Vaccinations

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I beg of you, vaccinate your children

by Greta McLaughlin

In April, a London mother posted photos of her baby daughter, sick with measles. She was too young to receive the MMR vaccine for mumps, measles and rubella, and likely contracted the disease from an unvaccinated individual. She was put at risk for blindness, pneumonia and death. Though this took place across the pond, the issue is also prevalent in the U.S.

A Centers for Disease Control study on measles found that from Jan. 1 to May 24, there were 940 cases in the U.S., the largest number reported since 1994. Another CDC study found that the percentage of unvaccinated children under 2 in the U.S. has quadrupled in the last 17 years.

Although the majority of the U.S. population remains immunized, the impact of the anti-vaxxer rhetoric has unprecedented effects on public health. So what started the anti-vax trend?

In 1998, a study was published linking autism to the MMR vaccine. The report was fraudulent and disproved by numerous studies, including one that tested 95,000 children; however, it continues to fuel anti-vaxxer sentiments.

Additionally, the decreased presence of diseases has led to a more lenient view towards immunizations. When the polio vaccine came out in the 1950s, almost everyone received it because the disease was so prevalent. However, since the introduction of more vaccines, such as those for measles and chicken pox, more diseases have declined as well. Consequently, people downplay their severity and presence, leading to a lack of immunization.

Similar to the autism study, anti-vaxxers often state that vaccines can cause dangerous complications. However, this is largely based on mere coincidence rather than direct correlation, as evidenced by a 2011 study by the National Academies of Science, Engineering, and Medicine. An infant may contract an illness shortly after receiving a vaccine, but it’s only because the baby is young and susceptible to becoming sick.

Because of this, if an individual isn’t vaccinated, the risk of contracting actual illness is much larger and usually more serious than the unlikely complications from the vaccine. For example, although there are issues associated with the MMR vaccine, the mumps disease itself can cause deafness, meningitis and even male sterility in those affected after puberty.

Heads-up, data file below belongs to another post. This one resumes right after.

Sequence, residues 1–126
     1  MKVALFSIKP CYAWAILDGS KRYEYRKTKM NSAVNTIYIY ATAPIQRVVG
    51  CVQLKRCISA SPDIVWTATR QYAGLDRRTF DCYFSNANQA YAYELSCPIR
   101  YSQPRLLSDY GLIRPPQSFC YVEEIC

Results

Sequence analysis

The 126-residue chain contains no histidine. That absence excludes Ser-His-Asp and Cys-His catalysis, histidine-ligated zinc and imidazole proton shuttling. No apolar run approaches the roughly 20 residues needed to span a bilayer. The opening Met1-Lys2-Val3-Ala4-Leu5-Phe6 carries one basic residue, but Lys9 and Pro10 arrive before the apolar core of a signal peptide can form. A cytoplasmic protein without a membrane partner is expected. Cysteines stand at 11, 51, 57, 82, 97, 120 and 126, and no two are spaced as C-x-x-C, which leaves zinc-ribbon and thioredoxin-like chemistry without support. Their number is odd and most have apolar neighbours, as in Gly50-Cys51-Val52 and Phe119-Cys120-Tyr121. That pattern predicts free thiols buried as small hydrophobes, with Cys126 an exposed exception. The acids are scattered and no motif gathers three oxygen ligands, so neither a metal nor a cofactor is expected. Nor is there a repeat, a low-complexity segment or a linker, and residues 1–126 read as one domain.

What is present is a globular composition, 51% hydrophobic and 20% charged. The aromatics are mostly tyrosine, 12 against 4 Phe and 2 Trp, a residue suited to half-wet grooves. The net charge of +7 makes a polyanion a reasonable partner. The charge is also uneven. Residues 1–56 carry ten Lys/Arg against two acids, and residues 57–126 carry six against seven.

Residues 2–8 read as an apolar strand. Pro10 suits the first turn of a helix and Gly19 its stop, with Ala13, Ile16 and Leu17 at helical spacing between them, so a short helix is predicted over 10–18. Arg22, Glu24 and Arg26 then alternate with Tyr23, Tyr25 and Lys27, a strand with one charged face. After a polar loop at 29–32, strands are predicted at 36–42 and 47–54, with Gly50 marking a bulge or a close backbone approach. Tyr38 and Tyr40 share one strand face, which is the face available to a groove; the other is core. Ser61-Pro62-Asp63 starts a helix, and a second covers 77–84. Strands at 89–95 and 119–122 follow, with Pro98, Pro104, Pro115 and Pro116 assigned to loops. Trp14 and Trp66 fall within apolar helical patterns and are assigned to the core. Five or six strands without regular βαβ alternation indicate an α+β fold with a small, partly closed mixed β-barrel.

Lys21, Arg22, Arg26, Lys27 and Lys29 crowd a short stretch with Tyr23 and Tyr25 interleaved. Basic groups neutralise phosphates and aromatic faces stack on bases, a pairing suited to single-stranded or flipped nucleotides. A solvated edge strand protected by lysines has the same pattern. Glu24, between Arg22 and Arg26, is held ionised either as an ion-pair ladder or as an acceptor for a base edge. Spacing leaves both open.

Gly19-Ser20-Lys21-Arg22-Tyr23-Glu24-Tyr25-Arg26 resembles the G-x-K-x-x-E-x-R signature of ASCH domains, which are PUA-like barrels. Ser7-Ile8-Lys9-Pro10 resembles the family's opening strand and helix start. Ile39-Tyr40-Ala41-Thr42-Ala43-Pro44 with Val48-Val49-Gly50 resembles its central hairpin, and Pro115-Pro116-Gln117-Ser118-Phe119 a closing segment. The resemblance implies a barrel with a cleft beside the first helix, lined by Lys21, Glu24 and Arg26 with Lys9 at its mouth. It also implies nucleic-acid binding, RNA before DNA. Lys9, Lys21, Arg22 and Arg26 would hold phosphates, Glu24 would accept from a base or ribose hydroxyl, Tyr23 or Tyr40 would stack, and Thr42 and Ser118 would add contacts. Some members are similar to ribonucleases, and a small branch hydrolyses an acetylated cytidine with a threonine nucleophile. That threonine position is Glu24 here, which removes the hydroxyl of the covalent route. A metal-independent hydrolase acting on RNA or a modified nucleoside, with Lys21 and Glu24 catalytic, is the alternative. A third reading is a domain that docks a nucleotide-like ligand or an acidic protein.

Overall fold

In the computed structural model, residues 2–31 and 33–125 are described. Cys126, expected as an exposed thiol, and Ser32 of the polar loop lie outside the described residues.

However, many people cannot receive vaccinations due to compromised immunity or age. Thus, eligible individuals should be required to get vaccinations to protect others. This is what is known as herd immunity, when everyone else is protected so unvaccinated individuals are at a lesser risk. According to The New York Times, herd immunity only works when a high number of people are immunized, often 95 to 99 percent.

The “right to choose” argument is invalid when preventable diseases have become such a large health issue. There is no reason but foolishness for an infection like measles to suddenly reemerge. Sick children and the immunocompromised population should not be endangered by the senseless ideology of anti-vaxxers.

 

No, give me the choice

by Jessi Schlewitt

Before you yell at me, I have all my vaccinations, and plan on giving them to my children. However, I do believe that regardless of your beliefs, it’s only fair to evaluate both sides of an argument.

In terms of vaccine exemptions in public schools, each state has different legislation regarding the validity of religious and philosophical exemptions. Washington state recently passed legislation deeming philosophical beliefs against the measles, mumps and rubella vaccine as inexcusable. This caused outrage among the anti-vax community, who were angered that they were forced to do something contradictory to their beliefs.

Ultimately, there is no universal immune system; every child can react differently to vaccines. With many parents wondering if vaccines are actually safe, they’re reasonably unhappy to be told how to parent their children, especially by the government.

In the end, the issue boils down to this: Why should the government tell me what I can or cannot do to my body? For many anti-vaxxers, this isn’t an issue of science as much as it is an issue of policy. They believe in the right to medicate their bodies and their children’s bodies without being dictated otherwise by a higher institution.

Anti-vaxxers deal with backlash as people accuse them of “killing their kids” and say that they caused the reemergence of preventable diseases. Yet, as every child differs, vaccines are not the best option for everyone. Rather than the government dictating parenting, parents themselves should have the choice of whether or not to vaccinate their own children. Ultimately, anti-vaxxers believe they should maintain the right to do their own research and decide what is best for their child before vaccinating.